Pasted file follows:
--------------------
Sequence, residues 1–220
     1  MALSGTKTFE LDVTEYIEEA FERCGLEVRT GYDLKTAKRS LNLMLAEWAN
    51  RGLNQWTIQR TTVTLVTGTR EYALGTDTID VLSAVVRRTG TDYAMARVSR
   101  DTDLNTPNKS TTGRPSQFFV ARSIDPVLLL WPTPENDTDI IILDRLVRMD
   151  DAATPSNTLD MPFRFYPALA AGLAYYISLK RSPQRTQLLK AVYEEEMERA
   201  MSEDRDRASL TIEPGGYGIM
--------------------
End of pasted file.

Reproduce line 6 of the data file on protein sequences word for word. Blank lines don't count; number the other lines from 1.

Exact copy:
   201  MSEDRDRASL TIEPGGYGIM